Enterprises in the most bandwidth-hungry industries in the digital world — media, finance, and cloud, for example — require high-performing network services to ensure their customers receive optimal quality-of-service (QoS).

Consider online content videos. According to comScore, more than 188 million Americans watched over 52 billion online content videos in December 2013, and eight in 10 European internet users (338 million people) accessed an online news site in September 2013. The highly competitive media landscape means sites cannot compromise on performance. If there’s excessive latency, users will simply turn to another media outlet for their online entertainment, news, and video-on-demand.

To meet the increasing QoS expectations of high-bandwidth businesses and deliver efficient services, connectivity providers and internet service providers (ISPs) must ensure their carrier backbone is robust and resilient. To do so, connectivity providers need the right carrier-neutral data center (CNDC) provider to host their network infrastructure and systems, whose approach will provide them with the maximum benefits.

Four important factors connectivity providers should look for include:

• No internal competition from the CNDC

In the context of a CNDC, “neutral” means that the data center operator is completely independent of the connectivity providers that are colocating within it. Unlike other data center providers that may compete with connectivity providers for customers, a reputable CNDC acts as a broker to their customers and remains completely neutral. They merely provide the space, power, and cooling, as opposed to also offering competing or packaged services. Customers are free to contract directly with the providers of their choice.

For CNDCs that don’t compete with providers, a wide range of connectivity and communication service providers are attracted into their facilities. For other businesses, this means the widest choice of fixed and mobile carriers, ISPs, internet exchanges, content distribution networks (CDNs), and others, all competing to deliver the best connectivity performance, service, and price for their applications and content. For carriers, this also means a huge market for potential new customers.

• Communities of interest for ROI

Some CNDCs develop and deploy a focused growth strategy, which benefits connectivity providers in return. They specifically target magnet customers within bandwidth-hungry sectors that are known for high demand for connectivity services, including financial services, cloud computing, and digital media. With these magnet customers established — the Yahoos and Googles of the digital media world, for instance — CNDCs gradually attract other industry players in each market segment who will want to build business relationships with magnets to form communities of interest. These communities of interest act as central hubs of both connectivity and revenue-making ventures. For instance, cloud hubs aggregate a wide range of hosters, infrastructure providers, hyperscale platforms, and software providers under one roof; similarly, finance hubs are home to exchanges, clearing houses, commercial and investment banks, brokers, proprietary trading firms, insurance firms, and other key financial vendors.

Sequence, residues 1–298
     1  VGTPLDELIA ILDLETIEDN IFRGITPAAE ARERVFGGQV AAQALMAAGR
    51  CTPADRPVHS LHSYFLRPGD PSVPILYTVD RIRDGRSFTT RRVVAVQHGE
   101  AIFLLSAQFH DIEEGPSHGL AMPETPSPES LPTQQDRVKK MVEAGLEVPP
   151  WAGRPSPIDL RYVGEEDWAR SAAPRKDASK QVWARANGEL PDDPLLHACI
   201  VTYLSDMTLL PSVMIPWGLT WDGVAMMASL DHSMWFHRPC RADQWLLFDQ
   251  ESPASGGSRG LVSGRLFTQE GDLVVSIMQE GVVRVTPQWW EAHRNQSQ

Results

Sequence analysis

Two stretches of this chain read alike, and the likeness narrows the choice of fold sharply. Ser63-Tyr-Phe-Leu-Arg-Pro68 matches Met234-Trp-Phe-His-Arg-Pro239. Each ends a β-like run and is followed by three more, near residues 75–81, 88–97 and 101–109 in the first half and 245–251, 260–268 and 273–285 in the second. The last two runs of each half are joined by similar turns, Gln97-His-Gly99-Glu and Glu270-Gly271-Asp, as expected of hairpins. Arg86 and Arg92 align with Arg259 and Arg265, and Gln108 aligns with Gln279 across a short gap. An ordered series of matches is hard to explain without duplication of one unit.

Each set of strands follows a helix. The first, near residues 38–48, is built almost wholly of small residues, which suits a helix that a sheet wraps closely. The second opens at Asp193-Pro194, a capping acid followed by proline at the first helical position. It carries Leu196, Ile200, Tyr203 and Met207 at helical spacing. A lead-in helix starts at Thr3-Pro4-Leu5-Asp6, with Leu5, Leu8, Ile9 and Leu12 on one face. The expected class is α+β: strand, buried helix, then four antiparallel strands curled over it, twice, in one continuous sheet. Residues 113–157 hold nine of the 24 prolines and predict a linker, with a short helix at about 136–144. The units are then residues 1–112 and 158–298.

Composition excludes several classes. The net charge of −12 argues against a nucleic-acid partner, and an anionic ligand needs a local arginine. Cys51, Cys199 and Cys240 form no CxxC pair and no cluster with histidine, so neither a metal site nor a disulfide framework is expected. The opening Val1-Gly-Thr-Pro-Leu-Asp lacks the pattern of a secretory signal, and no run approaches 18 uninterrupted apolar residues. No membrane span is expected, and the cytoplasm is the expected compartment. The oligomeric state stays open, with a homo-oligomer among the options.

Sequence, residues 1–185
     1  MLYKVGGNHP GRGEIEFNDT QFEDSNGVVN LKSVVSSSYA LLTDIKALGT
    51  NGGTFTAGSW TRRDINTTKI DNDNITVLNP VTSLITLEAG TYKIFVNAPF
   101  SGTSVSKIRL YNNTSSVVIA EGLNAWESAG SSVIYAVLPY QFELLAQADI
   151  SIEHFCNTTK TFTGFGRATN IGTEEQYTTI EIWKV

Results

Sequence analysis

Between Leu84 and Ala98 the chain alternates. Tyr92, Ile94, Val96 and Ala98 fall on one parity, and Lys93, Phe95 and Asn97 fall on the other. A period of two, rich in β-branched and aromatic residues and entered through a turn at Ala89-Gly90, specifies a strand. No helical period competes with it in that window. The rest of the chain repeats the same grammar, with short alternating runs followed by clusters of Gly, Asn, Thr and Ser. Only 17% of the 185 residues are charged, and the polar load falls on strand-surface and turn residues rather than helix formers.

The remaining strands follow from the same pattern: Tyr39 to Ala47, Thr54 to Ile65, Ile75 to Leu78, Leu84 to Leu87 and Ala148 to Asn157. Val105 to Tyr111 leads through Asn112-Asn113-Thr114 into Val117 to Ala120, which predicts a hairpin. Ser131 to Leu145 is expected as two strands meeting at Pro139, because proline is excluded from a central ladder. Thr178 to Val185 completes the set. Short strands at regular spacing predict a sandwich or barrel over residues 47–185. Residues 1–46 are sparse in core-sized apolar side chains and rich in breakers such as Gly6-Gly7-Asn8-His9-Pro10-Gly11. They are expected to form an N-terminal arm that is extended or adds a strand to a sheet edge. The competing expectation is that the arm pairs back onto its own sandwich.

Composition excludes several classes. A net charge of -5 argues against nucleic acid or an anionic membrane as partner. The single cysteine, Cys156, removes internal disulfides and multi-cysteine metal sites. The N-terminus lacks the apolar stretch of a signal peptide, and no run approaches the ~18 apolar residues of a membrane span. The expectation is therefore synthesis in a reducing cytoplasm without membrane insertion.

Most importantly, each hub is also directly connected to Tier 1 access networks, CDNs, internet exchanges, and all other carriers. These connectivity options are absolutely essential to the success of community members because they enable them to reduce networking costs and optimize their delivery to customers. An added benefit is, on the basis of neutrality, each member has the option of diversifying carrier use. Ultimately, the more each community of interest expands, the greater the demand for connectivity becomes, the greater the connectivity providers’ return on investment.

• High-density campus model

Some leading CNDCs are structured in a high-density campus model within center-city locations, a model that further benefits connectivity providers. Whereas data center locations outside of key metro areas are sparsely populated, the CNDCs in metro hubs provide connectivity providers immediate access to a new pool of prospective customers just by putting a PoP in one facility location. Not to mention, existing customers have a much shorter distance to connect the carriers given their close proximity.

• House leading internet exchanges

Leading CNDCs also host the world’s leading internet exchanges — the locations that facilitate interaction between network operators. Network operators exchange traffic through internet exchanges, thereby cutting costs (through reduced IP transit expenditure), raising revenues (through partnerships), increasing security and resilience, mitigating risk, improving resilience, and optimizing network performance and system performance. And because CNDCs are not themselves internet exchanges — just as they do not offer connectivity services — they have no bias or conflict of interest regarding peering arrangements. Instead, they work with the exchanges to expand their individual customer bases.


High-speed internet access is available to most U.S. and European households, causing people to become accustomed to a high level of digital services from providers.

The evolution of the digital landscape and the ubiquity of electronic communication among endusers will increase enduser demand for high levels of service delivery and QoS, which in turn, will create a greater need for vibrant communities of interest. These hubs, made up of a wide range of connectivity providers, will facilitate and support these businesses as they transact with endusers. CNDCs are ultimately the ideal location for connectivity providers to do business.